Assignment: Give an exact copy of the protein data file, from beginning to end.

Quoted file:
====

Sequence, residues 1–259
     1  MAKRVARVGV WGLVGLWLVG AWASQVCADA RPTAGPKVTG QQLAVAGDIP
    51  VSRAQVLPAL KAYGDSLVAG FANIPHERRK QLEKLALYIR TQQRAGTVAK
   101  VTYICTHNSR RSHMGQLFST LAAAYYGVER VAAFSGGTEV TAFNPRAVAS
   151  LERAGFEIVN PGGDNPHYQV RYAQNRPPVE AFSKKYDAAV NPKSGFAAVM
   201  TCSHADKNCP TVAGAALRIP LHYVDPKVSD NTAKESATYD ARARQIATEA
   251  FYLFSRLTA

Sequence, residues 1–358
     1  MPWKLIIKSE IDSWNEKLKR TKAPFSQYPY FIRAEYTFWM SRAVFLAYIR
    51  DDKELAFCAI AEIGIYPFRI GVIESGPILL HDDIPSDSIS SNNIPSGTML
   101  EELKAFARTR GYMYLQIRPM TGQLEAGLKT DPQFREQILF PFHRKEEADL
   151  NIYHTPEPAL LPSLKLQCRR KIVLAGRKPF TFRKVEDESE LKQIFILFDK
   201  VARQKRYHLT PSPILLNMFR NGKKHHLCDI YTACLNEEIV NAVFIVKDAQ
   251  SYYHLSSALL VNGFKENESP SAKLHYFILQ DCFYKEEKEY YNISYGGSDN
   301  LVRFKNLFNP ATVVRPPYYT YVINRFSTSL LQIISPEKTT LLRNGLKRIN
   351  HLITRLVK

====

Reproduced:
Sequence, residues 1–259
     1  MAKRVARVGV WGLVGLWLVG AWASQVCADA RPTAGPKVTG QQLAVAGDIP
    51  VSRAQVLPAL KAYGDSLVAG FANIPHERRK QLEKLALYIR TQQRAGTVAK
   101  VTYICTHNSR RSHMGQLFST LAAAYYGVER VAAFSGGTEV TAFNPRAVAS
   151  LERAGFEIVN PGGDNPHYQV RYAQNRPPVE AFSKKYDAAV NPKSGFAAVM
   201  TCSHADKNCP TVAGAALRIP LHYVDPKVSD NTAKESATYD ARARQIATEA
   251  FYLFSRLTA

Sequence, residues 1–358
     1  MPWKLIIKSE IDSWNEKLKR TKAPFSQYPY FIRAEYTFWM SRAVFLAYIR
    51  DDKELAFCAI AEIGIYPFRI GVIESGPILL HDDIPSDSIS SNNIPSGTML
   101  EELKAFARTR GYMYLQIRPM TGQLEAGLKT DPQFREQILF PFHRKEEADL
   151  NIYHTPEPAL LPSLKLQCRR KIVLAGRKPF TFRKVEDESE LKQIFILFDK
   201  VARQKRYHLT PSPILLNMFR NGKKHHLCDI YTACLNEEIV NAVFIVKDAQ
   251  SYYHLSSALL VNGFKENESP SAKLHYFILQ DCFYKEEKEY YNISYGGSDN
   301  LVRFKNLFNP ATVVRPPYYT YVINRFSTSL LQIISPEKTT LLRNGLKRIN
   351  HLITRLVK